Editor’s note: This post was originally written and published to THINK Jamaica’s Facebook page on February 23, 2012.


[Sigh] Where do I even begin?  [Takes deep breath] Okay, allow me to roll back the curtain of memories to January 5, 2012.  In her inaugural address, Prime Minister Portia Simpson Miller stated:

“My administration will not engage in a blame-game. We will present the facts to the Jamaican people, based on rigorous analysis. Our approach must be to right the wrongs and insist on accountability. Let us learn from our past, absorb the lessons and go forward. We only need to look back to confirm where we are coming from, and to correct our errors and weaknesses as we look to the future. That is the way of progress.”

 I highlight this portion of the PM’s speech because there is a matter addressed in today’s Jamaica Observer that I would like to bring to your attention.  The Jamaica Observer’s editorial in today’s paper makes for interesting reading. A number of NGO’s raised concerns about oversight and allegations of sexual abuse at Patricia House – a state-run treatment facility for drug addicts.  Though I do not know the full story behind the editorial, this section in particular raises some concern:

 “Asked for his comment on the matter, the health minister expressed surprise that the issue had been made public since he had met with the parties and the agreement was for media silence.”

 As per the Minister’s request, let us have a moment of silence….FOR TRANSPARENCY.

 (In my best Simpson-Miller voice) We will present the facts to the Jamaican people, based on rigorous analysis.”   What…why…HOW could the Minister POSSIBLY think that THAT stance (for silence) is acceptable?  Hmmm?  Anyone?  How?  So does this mean I was correct after all?  There actually IS a rhetoric of silence?

“…the agreement was for media silence.”  What in the world…?!  I fully agree with the Jamaica Observer on this.  I am insisting on accountability.  Mrs. Simpson Miller, in her inaugural address also stated, “The Jamaican people have sent a clear message. They want a more accountable and transparent government which consults them; and, they should expect nothing less”.  We ARE NOT expecting anything less.

 And to make matters worse, this follows a series of new developments that have joined forces in conspiring to kill our friend, “Transparency”.  By way of a Jamaica House briefing, “Jamaica House Live” took a bullet, so citizens will no longer be given the chance to speak one-on-one with the Prime Minister.  By way of Parliament, the Prime Minister’s “Question Time” was given a lethal dose of reality as Madame Prime Minister requires questions to be asked (“wholla”) seven days in advance of a response from her.  That’s right!  Because apparently pressing issues facing our country gives us seven days’ notice before attacking us (like the Riverton Landfill fire, or the spike in murders).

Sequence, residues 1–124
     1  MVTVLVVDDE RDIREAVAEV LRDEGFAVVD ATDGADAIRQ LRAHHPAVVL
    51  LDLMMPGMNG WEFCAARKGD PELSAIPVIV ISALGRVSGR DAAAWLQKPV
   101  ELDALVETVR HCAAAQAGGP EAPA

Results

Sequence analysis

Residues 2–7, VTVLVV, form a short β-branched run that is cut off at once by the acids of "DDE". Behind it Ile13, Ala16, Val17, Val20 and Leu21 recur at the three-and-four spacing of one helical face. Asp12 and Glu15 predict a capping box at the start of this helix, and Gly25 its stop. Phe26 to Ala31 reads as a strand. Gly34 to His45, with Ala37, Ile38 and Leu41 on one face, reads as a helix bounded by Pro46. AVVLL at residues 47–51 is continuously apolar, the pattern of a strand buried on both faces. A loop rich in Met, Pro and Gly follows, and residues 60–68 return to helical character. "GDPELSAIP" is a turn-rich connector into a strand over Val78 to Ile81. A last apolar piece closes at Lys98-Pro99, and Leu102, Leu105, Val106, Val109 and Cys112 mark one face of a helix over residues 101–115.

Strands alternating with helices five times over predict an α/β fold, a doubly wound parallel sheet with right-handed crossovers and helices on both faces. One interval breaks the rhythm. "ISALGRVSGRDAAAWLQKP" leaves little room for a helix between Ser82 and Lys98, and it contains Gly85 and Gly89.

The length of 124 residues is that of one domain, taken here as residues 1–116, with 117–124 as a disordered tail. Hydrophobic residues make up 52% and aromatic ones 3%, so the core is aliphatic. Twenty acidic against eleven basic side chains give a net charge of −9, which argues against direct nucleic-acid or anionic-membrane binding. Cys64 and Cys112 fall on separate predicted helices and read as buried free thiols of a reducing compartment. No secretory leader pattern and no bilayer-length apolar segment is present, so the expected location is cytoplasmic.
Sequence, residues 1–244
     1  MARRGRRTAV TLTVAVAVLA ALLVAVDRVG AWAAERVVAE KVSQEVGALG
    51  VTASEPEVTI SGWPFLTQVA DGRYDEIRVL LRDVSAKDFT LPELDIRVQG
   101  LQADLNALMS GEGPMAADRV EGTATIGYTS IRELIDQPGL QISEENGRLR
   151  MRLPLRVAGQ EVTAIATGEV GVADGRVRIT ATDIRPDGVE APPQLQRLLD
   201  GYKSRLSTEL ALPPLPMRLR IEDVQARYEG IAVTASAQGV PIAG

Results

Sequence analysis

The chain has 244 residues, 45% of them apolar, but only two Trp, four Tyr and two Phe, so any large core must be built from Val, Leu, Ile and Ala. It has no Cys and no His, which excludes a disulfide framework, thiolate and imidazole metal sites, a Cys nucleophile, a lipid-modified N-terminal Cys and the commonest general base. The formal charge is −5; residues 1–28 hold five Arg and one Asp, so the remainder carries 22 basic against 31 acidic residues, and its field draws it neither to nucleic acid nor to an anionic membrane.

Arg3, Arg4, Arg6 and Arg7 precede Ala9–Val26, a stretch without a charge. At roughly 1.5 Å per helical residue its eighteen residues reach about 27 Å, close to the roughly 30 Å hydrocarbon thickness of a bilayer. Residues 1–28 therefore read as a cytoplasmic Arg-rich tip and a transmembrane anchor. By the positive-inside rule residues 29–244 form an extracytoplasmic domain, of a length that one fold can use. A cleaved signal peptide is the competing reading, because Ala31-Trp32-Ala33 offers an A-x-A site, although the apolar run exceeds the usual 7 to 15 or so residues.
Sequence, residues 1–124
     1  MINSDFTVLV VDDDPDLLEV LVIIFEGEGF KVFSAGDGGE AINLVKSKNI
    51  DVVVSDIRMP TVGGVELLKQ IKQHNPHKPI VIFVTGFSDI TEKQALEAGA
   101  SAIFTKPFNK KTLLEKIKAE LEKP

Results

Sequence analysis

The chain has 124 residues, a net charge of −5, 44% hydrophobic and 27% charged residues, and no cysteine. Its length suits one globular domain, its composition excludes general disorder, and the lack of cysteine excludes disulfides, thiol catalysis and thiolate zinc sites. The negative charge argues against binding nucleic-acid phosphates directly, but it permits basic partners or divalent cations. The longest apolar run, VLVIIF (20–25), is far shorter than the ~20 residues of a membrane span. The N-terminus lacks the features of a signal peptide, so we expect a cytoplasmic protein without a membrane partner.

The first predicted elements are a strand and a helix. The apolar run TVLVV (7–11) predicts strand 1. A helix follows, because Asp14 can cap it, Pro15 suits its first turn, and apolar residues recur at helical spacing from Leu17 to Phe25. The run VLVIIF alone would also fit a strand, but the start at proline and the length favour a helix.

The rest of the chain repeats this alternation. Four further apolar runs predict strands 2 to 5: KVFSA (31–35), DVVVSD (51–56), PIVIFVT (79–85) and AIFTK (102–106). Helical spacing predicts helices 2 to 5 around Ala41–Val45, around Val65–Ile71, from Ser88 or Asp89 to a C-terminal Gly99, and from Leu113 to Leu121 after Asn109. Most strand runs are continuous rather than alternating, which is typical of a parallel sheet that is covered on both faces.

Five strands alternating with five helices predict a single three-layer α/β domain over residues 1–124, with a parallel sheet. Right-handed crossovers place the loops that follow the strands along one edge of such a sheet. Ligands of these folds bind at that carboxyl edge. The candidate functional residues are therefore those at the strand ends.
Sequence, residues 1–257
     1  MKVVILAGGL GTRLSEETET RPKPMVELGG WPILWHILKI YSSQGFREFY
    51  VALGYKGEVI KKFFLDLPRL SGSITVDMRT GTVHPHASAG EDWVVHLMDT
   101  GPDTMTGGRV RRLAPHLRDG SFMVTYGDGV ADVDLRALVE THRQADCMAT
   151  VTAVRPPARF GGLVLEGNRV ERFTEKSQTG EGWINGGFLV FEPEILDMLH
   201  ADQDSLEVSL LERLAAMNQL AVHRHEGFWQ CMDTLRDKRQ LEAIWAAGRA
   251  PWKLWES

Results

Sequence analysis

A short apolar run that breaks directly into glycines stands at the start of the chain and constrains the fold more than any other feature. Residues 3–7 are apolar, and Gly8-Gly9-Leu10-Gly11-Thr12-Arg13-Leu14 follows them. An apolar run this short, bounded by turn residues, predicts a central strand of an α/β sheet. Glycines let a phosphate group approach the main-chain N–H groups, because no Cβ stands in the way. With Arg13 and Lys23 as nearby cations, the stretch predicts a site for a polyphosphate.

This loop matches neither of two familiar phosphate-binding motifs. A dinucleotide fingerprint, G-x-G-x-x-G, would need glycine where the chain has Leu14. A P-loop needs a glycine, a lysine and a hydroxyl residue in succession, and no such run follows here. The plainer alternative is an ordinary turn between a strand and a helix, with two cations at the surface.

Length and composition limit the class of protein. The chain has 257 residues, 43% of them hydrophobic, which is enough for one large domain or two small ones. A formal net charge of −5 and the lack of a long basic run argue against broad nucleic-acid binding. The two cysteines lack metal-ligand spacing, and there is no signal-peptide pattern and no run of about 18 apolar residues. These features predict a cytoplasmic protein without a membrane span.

Brethren and sistren, “Ashes to ashes…”


@MizDurie, @THINKJamaica

Government by Committees?



I’ve borrowed the title of this blog post from a Gleaner editorial written on January 31, 2007 (link at the end). The idea to create a list was inspired by tweets by @ArvelLinchpin today. Below is a list of committees formed since this administration came into office. If I’ve omitted any (and I have a feeling I have), feel free to let me know in the comments, or tweet me – @MizDurie.

  1. Diaspora Committee
  2. Sports Tourism Committee
  3. Economic Program Oversight Committee
  4. Committee established to deal with dispute over Pinnacle lands
  5. INDECOM Monitoring Committee 
  6. Committee on Electricity Theft
  7. Climate Change Advisory Committee
  8. Energy Monitoring Committee
  9. Special advisory committee to review UTECH Impasse
  10. Committee to develop measures to manage Pedro Cays
  11. Committee to Review Children’s Homes
  12. Committee to monitor chikungunya virus

As I said, there may be more, but these are the ones I’ve found within the last 45 minutes or so. Please don’t hesitate to alert me to the ones I’ve missed.

Perhaps I’m overthinking this, but it may be helpful (read: more efficient) to have clear and practical procedures and regulations to guide the activities of existing ministries and Government agencies. Or maybe they need to adhere to current procedures and regulations. If these are ineffective, review them (and no, you don’t need to set up another committee to do that). Additionally, it may also be useful to ensure that skills and competencies of those who outfit these ministries and agencies match the needs and objectives of the ministry/agency.

And, as brawta, here is the throwback Gleaner editorial – “Government by Committee“.

The more things change…

@MizDurie, @THINKJamaica